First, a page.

(James Saft is a Reuters columnist. The opinions expressed are his own.)
By James Saft
May 24 (Reuters) - It is perhaps the single easiest rule of thumb in investment: favor the simple over the complex.
Complexity, whether it be in a strategy or in a financial product, makes investors vulnerable: to being overcharged, to misunderstanding risks and to being unable to exit the position easily and economically.
To understand why this is true, on so many levels, look no further than JP Morgan's chief investment office disaster. It involves a trading position which, despite being put on and overseen by people who ought to be the best in the world, landed the bank with a loss that is almost literally unquantifiable.
The advice that Morgan shareholders wish the bank had followed holds true for individuals as well: don't invest in anything you can't understand.
In fact, take it a step further - if you have to even consider whether you understand an investment, just walk away.
On its face the appalling track record of complexity in the investment industry is a puzzle. After all, jet engines are more complex than what the Wright brothers used and a Prius more reliable than a Stanley Steamer.
The answer, of course, is that complexity favors those who structure and sell investments over those who merely commit capital to them, increasing the already dangerous lack of alignment between investors and their financial providers.
The rewards to the industry for pointless (for the investor) complexity far outstrip the rewards of actual outperformance.
"In finance we love to complicate. We love to over-complicate. We rely on complexity to baffle, bamboozle and generally thwart human understanding," James Montier, of fund manager GMO, told a conference hosted by the CFA Institute earlier this month. goo.gl/qaERB
"Complexity impresses, it allows people to charge high fees, it keeps outsiders out," Montier said.
Complexity when accompanied by its inevitable handmaiden, the "expert," is even more dangerous, he says.
Subjects in a behavioral investing experiment were hooked up to a brain scan and asked to choose between a safe asset and a more complex one that was essentially a lottery.
Half the subjects had the "benefit" of having the choices explained by an expert. Inevitably, it was found that while the experts spoke, the parts of their brains that handle calculation and probability turned out like a light.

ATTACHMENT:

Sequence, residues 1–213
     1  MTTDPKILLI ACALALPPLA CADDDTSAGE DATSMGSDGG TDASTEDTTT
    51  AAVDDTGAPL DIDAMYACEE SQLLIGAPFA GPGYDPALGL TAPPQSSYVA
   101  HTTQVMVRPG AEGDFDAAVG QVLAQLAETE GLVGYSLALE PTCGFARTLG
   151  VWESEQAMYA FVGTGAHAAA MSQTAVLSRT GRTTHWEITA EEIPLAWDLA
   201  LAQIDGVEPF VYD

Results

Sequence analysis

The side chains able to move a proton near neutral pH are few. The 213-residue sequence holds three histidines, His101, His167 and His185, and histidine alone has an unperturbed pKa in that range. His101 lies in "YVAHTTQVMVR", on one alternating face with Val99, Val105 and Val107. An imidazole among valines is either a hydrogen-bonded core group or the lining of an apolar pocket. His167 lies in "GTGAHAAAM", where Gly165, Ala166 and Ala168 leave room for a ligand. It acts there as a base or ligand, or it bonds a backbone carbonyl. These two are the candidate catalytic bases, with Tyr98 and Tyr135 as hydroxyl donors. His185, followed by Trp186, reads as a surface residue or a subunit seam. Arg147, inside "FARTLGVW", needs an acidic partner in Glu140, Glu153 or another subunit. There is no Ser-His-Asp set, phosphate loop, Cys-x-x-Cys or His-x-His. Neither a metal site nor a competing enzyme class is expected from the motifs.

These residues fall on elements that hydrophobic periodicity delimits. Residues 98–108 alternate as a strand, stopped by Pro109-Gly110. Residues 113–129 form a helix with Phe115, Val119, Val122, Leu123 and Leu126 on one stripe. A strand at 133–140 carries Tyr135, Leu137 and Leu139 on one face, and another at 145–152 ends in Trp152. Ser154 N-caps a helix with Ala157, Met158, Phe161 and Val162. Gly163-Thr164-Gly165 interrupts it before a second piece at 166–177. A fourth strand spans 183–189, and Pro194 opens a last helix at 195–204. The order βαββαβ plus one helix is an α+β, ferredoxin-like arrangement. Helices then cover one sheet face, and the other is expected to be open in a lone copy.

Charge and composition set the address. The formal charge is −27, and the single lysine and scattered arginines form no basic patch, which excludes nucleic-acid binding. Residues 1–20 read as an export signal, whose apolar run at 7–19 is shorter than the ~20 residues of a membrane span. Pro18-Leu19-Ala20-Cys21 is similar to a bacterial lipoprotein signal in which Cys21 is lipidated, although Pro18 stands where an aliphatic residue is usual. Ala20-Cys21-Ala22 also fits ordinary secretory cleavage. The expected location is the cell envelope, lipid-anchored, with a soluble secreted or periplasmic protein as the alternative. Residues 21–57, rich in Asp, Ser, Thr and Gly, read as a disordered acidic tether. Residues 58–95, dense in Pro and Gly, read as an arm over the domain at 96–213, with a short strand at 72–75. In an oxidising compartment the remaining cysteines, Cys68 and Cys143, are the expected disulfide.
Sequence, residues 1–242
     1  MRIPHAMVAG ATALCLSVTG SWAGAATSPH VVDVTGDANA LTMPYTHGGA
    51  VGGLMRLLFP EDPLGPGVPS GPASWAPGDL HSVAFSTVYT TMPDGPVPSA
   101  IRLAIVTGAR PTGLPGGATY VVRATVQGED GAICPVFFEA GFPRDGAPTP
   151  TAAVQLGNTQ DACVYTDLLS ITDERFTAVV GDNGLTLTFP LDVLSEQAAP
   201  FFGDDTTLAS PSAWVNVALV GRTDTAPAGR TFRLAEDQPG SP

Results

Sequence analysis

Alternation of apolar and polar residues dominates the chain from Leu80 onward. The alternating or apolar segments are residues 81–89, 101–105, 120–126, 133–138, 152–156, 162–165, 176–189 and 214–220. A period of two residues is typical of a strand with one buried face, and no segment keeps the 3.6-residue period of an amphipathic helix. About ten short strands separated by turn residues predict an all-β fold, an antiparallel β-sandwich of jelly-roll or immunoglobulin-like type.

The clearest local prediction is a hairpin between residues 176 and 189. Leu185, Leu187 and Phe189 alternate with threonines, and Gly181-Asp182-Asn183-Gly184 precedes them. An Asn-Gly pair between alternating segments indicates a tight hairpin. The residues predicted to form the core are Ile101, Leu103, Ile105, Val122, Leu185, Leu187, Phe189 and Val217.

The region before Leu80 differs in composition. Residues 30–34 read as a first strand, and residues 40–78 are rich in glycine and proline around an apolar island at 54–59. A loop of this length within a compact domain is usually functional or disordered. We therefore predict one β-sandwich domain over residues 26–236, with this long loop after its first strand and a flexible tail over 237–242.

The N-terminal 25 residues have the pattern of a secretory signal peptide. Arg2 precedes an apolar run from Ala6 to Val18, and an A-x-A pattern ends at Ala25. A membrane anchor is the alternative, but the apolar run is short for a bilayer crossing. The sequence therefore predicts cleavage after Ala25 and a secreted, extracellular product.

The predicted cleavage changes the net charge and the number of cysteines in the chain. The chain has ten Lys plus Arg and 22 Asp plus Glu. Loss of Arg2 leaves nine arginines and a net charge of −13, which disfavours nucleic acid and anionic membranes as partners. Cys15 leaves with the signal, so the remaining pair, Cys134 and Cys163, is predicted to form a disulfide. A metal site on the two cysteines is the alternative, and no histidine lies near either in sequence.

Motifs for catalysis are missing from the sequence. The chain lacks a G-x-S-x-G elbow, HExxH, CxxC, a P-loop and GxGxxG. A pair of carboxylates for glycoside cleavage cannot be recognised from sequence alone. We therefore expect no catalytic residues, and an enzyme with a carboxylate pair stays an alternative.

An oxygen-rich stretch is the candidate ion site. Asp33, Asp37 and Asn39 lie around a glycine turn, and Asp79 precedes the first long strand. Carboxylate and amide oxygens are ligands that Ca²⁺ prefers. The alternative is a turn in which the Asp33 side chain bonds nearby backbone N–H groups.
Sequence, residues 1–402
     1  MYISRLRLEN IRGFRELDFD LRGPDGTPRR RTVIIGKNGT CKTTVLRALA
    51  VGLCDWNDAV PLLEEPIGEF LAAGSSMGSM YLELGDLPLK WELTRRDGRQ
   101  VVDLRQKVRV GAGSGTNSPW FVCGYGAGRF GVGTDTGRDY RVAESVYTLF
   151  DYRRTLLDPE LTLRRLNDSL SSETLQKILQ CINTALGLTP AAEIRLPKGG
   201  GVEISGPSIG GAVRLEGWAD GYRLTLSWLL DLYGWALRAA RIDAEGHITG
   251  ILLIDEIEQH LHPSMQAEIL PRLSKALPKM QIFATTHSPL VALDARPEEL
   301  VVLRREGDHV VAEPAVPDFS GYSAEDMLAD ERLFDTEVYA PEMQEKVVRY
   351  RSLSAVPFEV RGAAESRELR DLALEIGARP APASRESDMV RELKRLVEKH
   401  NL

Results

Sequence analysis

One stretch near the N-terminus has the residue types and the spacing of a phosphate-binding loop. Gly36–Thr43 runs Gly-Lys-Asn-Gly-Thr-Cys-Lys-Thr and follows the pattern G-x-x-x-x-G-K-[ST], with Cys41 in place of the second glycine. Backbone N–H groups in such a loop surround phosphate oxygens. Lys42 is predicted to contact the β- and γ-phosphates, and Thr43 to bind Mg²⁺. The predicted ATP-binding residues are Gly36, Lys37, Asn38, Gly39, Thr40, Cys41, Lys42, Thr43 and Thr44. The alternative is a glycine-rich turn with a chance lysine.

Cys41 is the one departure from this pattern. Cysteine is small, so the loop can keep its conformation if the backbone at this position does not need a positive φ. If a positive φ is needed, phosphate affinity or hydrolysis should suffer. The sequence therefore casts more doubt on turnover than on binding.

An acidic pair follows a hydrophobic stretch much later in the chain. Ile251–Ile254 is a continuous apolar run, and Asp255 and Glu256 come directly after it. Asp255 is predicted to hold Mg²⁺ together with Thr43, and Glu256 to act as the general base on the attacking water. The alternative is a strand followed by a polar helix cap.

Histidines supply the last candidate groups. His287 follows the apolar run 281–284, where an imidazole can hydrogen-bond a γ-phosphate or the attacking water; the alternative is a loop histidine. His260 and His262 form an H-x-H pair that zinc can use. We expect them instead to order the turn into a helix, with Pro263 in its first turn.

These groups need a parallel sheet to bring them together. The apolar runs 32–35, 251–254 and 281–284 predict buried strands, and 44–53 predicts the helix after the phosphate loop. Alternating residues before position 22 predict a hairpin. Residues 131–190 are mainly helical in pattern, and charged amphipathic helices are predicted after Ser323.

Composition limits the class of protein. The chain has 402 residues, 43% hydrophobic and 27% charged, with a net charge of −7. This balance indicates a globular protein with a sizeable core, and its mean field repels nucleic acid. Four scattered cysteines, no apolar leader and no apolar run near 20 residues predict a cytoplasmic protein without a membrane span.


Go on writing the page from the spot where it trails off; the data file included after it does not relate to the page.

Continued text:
Prime among the reasons for avoiding complex investments is that they make it much harder to understand the underlying risk. While Jamie Dimon believed, and still believes, that he can control complexity risk through sheer excellence, he was proven wrong. You, dear reader, are almost certainly both less well-resourced and less excellent than Mr. Dimon.
Secondly, of course, is the fact that complexity makes it easier for the experts to benefit themselves without cutting the owner of the capital sufficiently in on the benefits. Just as banks are forever getting burned by traders seeking big bonus payments, so fund holders are vulnerable to paying too much in fees when they choose complex products. It is far easier hiding an extra layer of fees in a complex options-based mutual fund than in a tracker.
Complexity breeds activity like a swamp breeds mosquitoes. Complex products, by their very nature, tend toward being active products, executing more trades more often. This may or may not benefit the investor, but definitely does create a stream of income for brokers.
There are very few things in investing that you actually control. What you pay for investment management products is one, and as such should probably be top of your list on what to concentrate on to improve your outcome. This is especially true in times of low returns, as an extra 1 or 2 percent in annual charges in an era of low inflation and low returns is all the more damaging.
Keeping it simple is one of the easiest ways to control costs. And, as there is absolutely no sustained record of evidence to support the idea that complexity produces better outcomes, sticking with a prejudice for the simple over the complex is one of the easiest ways to improve long-term outcomes.
Of course, the truth is, in Warren Buffett's famous dictum, "Investing is simple, not easy."
Just like losing weight, the issue is not the strategy but the execution. Keep costs down, favor companies that return capital and be disciplined about buying and selling based on valuation. All so simple, but so difficult.
(At the time of publication James Saft did not own any direct investments in securities mentioned in this article. He may be an owner indirectly as an investor in a fund. You can email him at firstname.lastname@example.org and find more columns atblogs.reuters.com/james-saft) (Editing by Walden Siew and Dan Grebler)